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JKM > Volume 37(2); 2016 > Article
Kim, Bae, and Park: The Effects of Breath-Counting Meditation and Deep Breathing on Heart Rate Variability

Abstract

Objectives

This study aimed to evaluate the effects of breath-counting meditation (BCM) and deep breathing (DB) on heart rate variability (HRV). These breathing techniques have the characteristics of non-paced and self-controlled breathings, resulting in less increase of HRV. We also compared BCM and DB with usual breathing (UB) or relaxing breathing (RB) which can reveal the characteristics of those.

Methods

83 healthy volunteers sitting in chairs performed non-paced breathing; UB, RB, BCM, and DB each for 5 minutes. One minute of relaxation was permitted between breathings. Participants surfed the internet sitting in front of a computer during UB, while for RB, they remained steady with eyes closed. For BCM, they breathed inwardly counting from 1 to 10 repetitively, while they took a deep breath during DB. Physiological indices were simultaneously recorded with a biofeedback system.

Results

Respiration rate, thoracic amplitude, and mean heart rate decreased in RB compared with UB, but there was no change in HRV. Respiration rate in BCM and DB was lower than that in UB or RB, and the amplitude of thorax or abdomen, and HRV all increased (p<0.05). However, mean heart rate and skin conductance decreased in BCM compared with UB (p<0.05), whereas those were no different between DB and UB.

Conclusion

BCM, just concentrating mentally on breathing with counting each breath, can increase HRV with less sympathetic activation, while DB, actively moving thorax and abdomen for achieving the deepest respiration rate, can greatly raise HRV with the maintenance of mean vagal or sympathetic tone.

Introduction

Respiration is naturally controlled by a pacemaker in the brain stem that receives signals from the autonomic nervous system, chemoreflexes, and baroreflexes generated by exercise, stress, and temperature changes. However, it can also be controlled consciously; individuals can control respiration rate, volume of each breath, ratio of inspiration and expiration, etc. [1]. Consciously controlled breathing affects mind and body, and acts as an important component of meditations such as breathing awareness meditation [2], yoga [3], Dantian breathing [4], and mindfulness meditation [5].
Some previous studies used the direction of listening [6] or sight [7] for controlling participants’ respiration rate. This method has an advantage in that the respiration rates of participants can be matched as fixed pace. However, paced deep breathing caused stress in 60% of study participants [8], and autonomic nervous input heightened by this stress could lower heart rate variability (HRV) [9]. The occurrence of physical problems such as functional digestive disorders [10], inflammation [11], and hypertension [12] may correspond with a lower HRV. It is worthy to find how HRV can be increased effectively by breathing technique.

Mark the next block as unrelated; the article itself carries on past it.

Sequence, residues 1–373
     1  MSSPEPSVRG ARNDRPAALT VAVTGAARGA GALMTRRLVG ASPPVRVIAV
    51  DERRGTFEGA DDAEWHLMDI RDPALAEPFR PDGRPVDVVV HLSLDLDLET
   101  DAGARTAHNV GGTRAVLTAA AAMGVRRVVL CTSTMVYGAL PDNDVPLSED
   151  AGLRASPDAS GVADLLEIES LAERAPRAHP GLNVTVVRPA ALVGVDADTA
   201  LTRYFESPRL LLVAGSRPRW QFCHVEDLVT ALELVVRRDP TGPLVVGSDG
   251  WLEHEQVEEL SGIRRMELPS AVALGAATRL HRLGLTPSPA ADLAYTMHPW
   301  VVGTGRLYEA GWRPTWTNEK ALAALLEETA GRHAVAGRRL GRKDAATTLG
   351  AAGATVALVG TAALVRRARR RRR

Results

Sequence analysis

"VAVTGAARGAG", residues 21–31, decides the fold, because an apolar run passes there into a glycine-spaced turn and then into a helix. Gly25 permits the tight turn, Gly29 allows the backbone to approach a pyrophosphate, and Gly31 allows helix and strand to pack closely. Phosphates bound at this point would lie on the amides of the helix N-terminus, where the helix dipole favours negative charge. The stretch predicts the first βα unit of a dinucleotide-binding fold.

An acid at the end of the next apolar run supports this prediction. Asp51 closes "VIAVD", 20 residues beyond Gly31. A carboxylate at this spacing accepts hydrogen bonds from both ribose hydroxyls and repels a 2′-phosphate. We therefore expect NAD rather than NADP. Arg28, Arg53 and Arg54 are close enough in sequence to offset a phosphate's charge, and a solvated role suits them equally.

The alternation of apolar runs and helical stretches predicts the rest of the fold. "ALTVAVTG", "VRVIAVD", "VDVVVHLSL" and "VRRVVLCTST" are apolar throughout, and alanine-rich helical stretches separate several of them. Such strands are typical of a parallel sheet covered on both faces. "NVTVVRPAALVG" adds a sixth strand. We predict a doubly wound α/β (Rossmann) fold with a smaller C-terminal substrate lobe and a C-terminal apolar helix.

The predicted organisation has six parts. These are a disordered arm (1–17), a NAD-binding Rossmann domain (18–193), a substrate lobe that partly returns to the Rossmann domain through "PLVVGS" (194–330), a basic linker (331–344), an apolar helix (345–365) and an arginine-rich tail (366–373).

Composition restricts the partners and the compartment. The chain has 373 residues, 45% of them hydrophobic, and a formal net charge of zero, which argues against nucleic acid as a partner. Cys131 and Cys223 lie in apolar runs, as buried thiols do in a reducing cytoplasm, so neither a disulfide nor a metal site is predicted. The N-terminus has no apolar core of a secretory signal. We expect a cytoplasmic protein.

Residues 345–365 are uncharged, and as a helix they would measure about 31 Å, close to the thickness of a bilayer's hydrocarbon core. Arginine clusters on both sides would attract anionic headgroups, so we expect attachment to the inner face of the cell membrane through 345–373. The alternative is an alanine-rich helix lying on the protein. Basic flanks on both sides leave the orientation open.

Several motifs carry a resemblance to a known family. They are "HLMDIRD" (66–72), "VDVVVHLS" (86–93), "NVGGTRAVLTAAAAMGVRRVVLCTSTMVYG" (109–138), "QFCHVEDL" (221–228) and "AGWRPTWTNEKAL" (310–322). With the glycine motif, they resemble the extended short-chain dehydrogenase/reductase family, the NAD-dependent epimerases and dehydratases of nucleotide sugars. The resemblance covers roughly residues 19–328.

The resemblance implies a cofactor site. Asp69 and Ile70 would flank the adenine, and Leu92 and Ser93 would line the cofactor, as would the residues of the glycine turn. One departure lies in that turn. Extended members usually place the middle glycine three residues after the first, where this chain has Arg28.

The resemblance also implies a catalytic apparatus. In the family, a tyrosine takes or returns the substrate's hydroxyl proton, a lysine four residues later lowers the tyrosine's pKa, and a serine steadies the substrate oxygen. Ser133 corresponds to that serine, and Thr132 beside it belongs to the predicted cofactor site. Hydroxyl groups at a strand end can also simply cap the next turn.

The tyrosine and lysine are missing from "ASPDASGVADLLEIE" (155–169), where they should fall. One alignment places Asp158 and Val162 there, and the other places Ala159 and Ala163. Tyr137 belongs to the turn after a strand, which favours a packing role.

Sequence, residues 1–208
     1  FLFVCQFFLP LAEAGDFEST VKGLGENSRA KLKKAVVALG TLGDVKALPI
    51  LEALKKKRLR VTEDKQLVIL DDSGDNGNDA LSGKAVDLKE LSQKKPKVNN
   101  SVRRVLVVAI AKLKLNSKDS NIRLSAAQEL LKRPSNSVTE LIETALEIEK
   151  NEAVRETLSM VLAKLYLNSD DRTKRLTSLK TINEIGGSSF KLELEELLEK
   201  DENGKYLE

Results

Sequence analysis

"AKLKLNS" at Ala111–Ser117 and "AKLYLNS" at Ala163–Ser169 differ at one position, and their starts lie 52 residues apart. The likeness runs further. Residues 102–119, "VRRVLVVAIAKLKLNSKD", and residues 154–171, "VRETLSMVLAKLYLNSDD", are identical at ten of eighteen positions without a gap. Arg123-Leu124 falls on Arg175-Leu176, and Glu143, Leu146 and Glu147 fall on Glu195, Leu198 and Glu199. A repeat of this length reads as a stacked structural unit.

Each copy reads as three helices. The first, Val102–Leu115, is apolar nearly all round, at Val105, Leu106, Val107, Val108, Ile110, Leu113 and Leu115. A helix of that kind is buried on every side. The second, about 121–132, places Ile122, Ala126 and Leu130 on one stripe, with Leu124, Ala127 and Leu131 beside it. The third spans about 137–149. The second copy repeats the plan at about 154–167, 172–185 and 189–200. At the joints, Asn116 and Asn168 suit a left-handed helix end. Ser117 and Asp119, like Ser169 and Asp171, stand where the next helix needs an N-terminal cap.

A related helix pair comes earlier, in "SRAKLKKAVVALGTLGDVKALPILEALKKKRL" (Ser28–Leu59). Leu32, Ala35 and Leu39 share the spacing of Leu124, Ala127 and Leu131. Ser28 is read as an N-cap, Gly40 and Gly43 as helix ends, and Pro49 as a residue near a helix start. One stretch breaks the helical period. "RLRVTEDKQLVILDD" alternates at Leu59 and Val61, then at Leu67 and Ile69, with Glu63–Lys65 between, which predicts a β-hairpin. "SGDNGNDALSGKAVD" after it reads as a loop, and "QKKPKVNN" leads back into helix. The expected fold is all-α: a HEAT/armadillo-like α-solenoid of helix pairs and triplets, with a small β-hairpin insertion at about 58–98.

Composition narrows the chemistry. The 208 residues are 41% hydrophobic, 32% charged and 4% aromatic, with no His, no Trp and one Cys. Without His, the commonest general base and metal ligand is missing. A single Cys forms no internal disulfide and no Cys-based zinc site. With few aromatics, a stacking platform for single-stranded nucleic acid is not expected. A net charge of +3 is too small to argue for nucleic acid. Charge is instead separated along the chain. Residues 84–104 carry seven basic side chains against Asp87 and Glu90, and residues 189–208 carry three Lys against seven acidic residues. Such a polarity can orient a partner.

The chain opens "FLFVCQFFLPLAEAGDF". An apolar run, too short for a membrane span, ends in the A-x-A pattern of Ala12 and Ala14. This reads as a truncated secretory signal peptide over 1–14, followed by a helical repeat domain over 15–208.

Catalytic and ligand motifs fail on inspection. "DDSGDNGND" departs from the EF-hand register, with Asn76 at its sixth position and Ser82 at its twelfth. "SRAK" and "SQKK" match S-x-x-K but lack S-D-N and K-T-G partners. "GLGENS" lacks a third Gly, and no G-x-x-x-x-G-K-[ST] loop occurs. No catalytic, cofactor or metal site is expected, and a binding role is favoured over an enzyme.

Therefore, we chose breath-counting meditation (BCM) and deep breathing (DB) among non-paced and self-controlled breathing techniques. BCM is a type of Zen meditation called Su-soku; it is performed by concentrating mentally on breathing while counting each breath [13]. On the other hand, in DB, participants concentrate physically on breathing while participants consciously maximize inspiration and expiration [14]. In order to observe the effect of these on HRV, we evaluated various physiological indices including respiration rate, the amplitude of thorax and abdomen, mean heart rate, skin conductance (SC) and body temperature with HRV while participants performed BCM and DB. We also compared usual breathing (UB) and relaxing breathing (RB) with those in order to reveal the characteristics of BCM and DB.

Materials and Methods

1. Participants

83 young men and women attending Dongguk University were enrolled in this study (45 males, 38 females, average age 26.07±4.06). All participants were given a full explanation of the study and completed an informed consent form confirming participation of their own free will. Participants responded to questions regarding their health status, past disease history, and medication use. Participants had no previous experience with yoga or meditation, and did not have any respiratory, cardiovascular or autonomic diseases. Participants were allowed to eat breakfast 2 hours before the beginning of the study. However, all substances that may cause physiological changes, including coffee, were prohibited 12 hours prior to the study. One woman did not complete measurements of HRV, and dropped out of the study. Therefore, a total of 82 participants completed the study (Figure 1).

2. Outcome Measures

All measurements were digitized and recorded with the ProComp biofeedback system (Korea medical technology, http://www.kmtec.com, Republic of Korea). Respiration rate, the amplitude of thorax and abdomen were measured using respiratory inductive plethysmography(RIP) belts strapped to the thorax and abdomen. Mean heart rate, standard deviation of heart rate, standard deviation of normal intervals (SDNN), low frequency(LF; 0.04~0.15Hz), and high frequency (HF; 0.15~0.4Hz) were measured using an infrared photo plethysmography machine attached to the left middle finger. SC and body temperature were measured with sensors on the left index and ring finger.

3. Procedures

Testing was performed in a quiet room between 9 a.m. and 11 a.m. Before the study, the participants were educated on the characteristics of each breathing method and practiced the methods with an investigator trained in advance. Afterwards, when the participants were resting while sitting in chairs, the investigator attached the measuring tools to participants’ bodies. The participants then performed UB, RB, BCM, and DB for 5 minutes each at the direction of the investigator. 1 minute of relaxation was permitted between each method. For UB, the participant was told to surf the internet using a mouse with right hand while sitting in front of a computer monitor. For RB, the participant with eyes closed breathed naturally while trying not to think of anything in particular. For BCM, the participant with eyes closed counted from 1 to 10 repetitively during expiration. For DB, the participant took a deep breath and concentrate just on physical act consciously for controlling respiration. All procedures were performed under the approval of the Institutional Review Board (IRB) of Dongguk University.